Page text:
In the passing of this truly great and upright character from our midst, we mourn for our sad plight alone. For we know, with no shadow of doubting, that his immortal soul has passed the bourne of this sad world of ours, and is at home with all the elect of the earth, in that glad realm of endless day, where God reigneth, and Jesus Himself is the Light, the Land of Perfect Day.
Big Spring Herald (Big Spring, Texas) January 11, 1924

Resolution
    At a regular meeting of division No. 212, Brotherhood Locomotive Engineers, the following resolution was adopted:
    That in the death of our Brother L. T. Deats the Organization has lost a faithful and substantial member whose zeal for the good of the order was ever apparent. And that our town has lost a good citizen and his many friends a trusted advisor.
    We extend to his family our sincere sympathy and assure them that we are co-mourners with them in their bereavement.
J. H. BAGGETT
Secretary Pro. Tem.

Big Spring Herald (Big Spring, Texas) January 25, 1924
(submitted by Ida Maack Recu)


Union Army Veteran Dies
Jas. C. Pickle, 91, Succumbs At Home Of His Son Here


    James C. Pickle, 91, Civil war veteran, died at the home of his son, J. B. Pickle, 1800 Main street, Saturday at 3:30 a.m. of heart attack. He had been ill for more than a week.
    Born in Bedford county, Tennessee on Aug. 20, 1845, he was mustered into the union army when 16 years old. He enlisted in the union army, although he had two brothers in the Confederate army, because of his conviction against slavery.
    As a private in Company F, first regiment of the Alabama and Tennessee independent vidette cavalry volunteers, he was at one time captured by guerrillas. While his captors sought out another union soldier known to be on furlough in the vicinity, they were surprised and he and another companion fled during the confusion.
    Following the Civil war, he settled in Weakley county, Tennessee and in 1871 was married to Miss Lou Dixon. Ten children were born to the union.
    Mr. Pickle had been active as a member of the Baptist church since a young man, having served many years as a deacon. He attended services here, despite his age, until failing health confined him to home. He had been here since October.
    Short services were held for him Saturday evening at the home of his son, and the body was forwarded this morning for burial Tuesday at Mount Maria church near Fulton, Ky. [Mount Moriah Cemetery in Weakley County, Tennessee], beside his wife, who died in July, 1834, and two daughters.
    Surviving are six sons, J. B. Pickle, Arthur Pickle and Gus Pickle of Big Spring, Lon Pickle and Dyas Pickle of Detroit, Mich. He also leaves 20 grandchildren, among them H. R. Pickle, Mrs. Miller Harris, and Joe Pickle of Big Spring, and seven great grandchildren, including Joan and Don Pickle, and Jimmie Harris of Big Spring.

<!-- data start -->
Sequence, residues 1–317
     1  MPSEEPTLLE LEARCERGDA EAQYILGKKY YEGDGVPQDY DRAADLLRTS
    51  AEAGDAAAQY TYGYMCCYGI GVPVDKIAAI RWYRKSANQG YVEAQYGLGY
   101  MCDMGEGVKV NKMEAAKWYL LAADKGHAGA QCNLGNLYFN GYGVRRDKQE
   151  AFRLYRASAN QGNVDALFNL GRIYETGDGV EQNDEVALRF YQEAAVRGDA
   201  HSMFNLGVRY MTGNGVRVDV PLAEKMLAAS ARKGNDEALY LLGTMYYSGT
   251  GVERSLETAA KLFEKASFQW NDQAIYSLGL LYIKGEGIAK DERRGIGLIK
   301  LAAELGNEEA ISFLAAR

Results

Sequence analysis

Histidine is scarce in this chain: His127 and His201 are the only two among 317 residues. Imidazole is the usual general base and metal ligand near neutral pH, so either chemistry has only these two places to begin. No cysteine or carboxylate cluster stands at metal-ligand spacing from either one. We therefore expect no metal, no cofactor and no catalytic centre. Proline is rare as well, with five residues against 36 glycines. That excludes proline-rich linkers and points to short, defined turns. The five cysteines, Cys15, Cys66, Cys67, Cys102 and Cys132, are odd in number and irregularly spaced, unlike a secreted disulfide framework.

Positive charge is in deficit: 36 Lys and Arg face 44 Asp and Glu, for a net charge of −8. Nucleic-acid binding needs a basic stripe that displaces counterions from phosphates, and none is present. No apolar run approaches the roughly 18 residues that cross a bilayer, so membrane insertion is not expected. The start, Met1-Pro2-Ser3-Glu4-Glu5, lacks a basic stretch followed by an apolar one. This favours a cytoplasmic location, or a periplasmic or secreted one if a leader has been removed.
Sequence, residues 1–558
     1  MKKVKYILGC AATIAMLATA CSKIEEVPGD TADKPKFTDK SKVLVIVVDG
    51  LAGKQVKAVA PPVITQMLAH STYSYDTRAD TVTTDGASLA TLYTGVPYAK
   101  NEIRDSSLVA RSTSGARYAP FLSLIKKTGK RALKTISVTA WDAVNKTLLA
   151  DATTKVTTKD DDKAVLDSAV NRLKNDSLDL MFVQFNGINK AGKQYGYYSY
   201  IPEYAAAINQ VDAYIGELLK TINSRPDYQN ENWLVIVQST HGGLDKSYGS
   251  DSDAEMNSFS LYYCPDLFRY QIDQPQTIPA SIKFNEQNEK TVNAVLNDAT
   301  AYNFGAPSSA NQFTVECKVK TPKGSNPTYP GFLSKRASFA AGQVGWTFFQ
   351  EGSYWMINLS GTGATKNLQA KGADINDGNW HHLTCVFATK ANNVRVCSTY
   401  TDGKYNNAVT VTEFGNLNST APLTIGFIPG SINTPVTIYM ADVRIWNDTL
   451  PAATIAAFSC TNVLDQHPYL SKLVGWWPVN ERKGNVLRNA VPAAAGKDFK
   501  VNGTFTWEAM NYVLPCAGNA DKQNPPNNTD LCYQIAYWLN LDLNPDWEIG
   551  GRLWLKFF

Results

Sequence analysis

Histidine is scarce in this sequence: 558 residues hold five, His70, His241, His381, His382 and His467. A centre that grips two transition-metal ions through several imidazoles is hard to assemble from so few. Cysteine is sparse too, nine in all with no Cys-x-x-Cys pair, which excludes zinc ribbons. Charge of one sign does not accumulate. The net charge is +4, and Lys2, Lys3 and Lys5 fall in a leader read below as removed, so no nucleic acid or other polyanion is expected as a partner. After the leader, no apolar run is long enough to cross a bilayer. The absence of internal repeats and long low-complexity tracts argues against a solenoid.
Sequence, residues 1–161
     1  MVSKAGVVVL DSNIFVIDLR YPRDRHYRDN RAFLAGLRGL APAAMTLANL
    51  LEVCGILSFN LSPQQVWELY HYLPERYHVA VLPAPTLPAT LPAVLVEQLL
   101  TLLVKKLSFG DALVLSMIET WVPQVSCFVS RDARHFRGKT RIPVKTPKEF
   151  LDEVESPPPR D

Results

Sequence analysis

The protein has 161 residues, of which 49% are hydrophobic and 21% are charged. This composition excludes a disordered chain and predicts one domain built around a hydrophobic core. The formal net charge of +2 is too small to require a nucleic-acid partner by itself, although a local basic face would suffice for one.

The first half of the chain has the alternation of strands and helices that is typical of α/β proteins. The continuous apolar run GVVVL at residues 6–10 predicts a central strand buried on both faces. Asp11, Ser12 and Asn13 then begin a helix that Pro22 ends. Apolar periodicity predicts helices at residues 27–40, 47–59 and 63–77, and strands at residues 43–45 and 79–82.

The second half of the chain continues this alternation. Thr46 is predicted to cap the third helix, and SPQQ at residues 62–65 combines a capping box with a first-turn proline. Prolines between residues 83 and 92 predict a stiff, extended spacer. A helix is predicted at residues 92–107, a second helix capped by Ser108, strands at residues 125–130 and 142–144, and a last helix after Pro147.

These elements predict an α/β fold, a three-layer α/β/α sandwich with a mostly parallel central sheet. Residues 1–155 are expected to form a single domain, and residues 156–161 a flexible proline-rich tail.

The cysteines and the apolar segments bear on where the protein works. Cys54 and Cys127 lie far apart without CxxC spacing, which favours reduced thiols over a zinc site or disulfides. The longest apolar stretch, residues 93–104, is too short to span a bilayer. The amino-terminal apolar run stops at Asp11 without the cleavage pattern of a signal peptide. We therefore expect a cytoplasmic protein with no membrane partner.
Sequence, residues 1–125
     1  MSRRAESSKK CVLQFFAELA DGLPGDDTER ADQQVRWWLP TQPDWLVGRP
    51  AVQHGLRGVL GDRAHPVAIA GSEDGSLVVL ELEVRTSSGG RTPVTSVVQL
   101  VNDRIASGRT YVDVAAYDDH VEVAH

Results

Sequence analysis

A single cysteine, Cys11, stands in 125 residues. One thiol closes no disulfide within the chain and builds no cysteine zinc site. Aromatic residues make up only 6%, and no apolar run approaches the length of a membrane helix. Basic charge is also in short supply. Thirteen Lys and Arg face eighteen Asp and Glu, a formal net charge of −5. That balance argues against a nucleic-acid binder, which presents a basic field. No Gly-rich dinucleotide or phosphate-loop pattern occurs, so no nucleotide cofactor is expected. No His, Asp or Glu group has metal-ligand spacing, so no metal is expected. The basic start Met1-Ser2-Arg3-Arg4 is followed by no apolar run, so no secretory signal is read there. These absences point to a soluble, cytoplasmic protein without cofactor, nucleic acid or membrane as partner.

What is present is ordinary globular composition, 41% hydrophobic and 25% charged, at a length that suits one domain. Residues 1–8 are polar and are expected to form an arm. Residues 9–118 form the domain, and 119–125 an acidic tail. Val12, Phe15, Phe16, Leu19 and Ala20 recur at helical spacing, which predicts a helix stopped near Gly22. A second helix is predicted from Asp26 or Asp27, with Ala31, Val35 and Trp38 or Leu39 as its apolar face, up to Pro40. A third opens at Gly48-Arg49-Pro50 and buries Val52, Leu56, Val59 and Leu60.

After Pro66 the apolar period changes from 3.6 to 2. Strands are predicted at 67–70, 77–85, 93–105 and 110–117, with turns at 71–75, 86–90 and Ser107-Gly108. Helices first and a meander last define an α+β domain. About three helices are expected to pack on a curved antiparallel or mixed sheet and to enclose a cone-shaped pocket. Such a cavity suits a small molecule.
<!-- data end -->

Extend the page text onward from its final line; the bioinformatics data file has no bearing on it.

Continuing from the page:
Big Spring Daily Herald (Big Spring, Texas) January 24, 1937
(submitted by Ida Maack Recu)


Rites Thursday For J. B. Pickle [Joseph Binford Pickle]


    J. B. Pickle, a former mayor of Big Spring, resident of the city for more than 50 years and an adventuresome spirit in many activities in West Texas since the turn of the century, died in a local hospital at 6:02 p.m. Tuesday. He would have been 95 next January 26.
    Funeral services are to be at 2 p.m. Thursday in the Nalley-Pickle Rosewood Chapel with the Rev. Kenneth Patrick, pastor of the First Baptist Church, officiating. Burial will be in Trinity Memorial Park beside the grave of his wife, who died in 1963.
    Mr. Pickle had been in declining health since the fall of 1968, when, while on a trip with his daughter and son-in-law, Mr. and Mrs. Miller Harris, he suffered a stroke at Watertown, S. D. Although he rallied, he had never fully recovered. Within the past week he had suffered complications due to pneumonia.


FATHER OF PARK
    Mr. Pickle generally is credited with being the father of the parks system in Big Spring, since it was during his tenure in the administration that the city first developed its major park - now Comanche Trail. Also during his service as mayor, the present city hall and auditorium were completed.
    Survivors besides Mrs. Harris (Janice) are another daughter, Mrs. Jonathan (Judith) Lancaster of Kermit; two sons, Joe Pickle, editor of The Herald, Big Spring, and U. S. Congressman J. J. Pickle of Austin; 12 grandchildren and 14 great-grandchildren. There is also a brother, Herman Pickle of Detroit. A daughter, Mrs. Bishop (Jeanette) Bailey Sr., died in 1956.


TENNESSEE NATIVE
    Joseph Binford Pickle was born in a log house in Weakley County, Tenn., Jan. 26, 1876, the first child of Mr. and Mrs. James Calvin Pickle. From a country school near Dukedom, he went to Dickson (Tenn.) Normal, from whence he took up being a school master in a one-teacher school.
    In the summer of 1900 he came to Texas and Runnels County, and one of the casual acquaintances he made was Mary Duke. He returned to Tennessee and teaching in the fall, boarding with a doctor. When his weight got down to 115 pounds, the doctor advised him to seek out a dry country.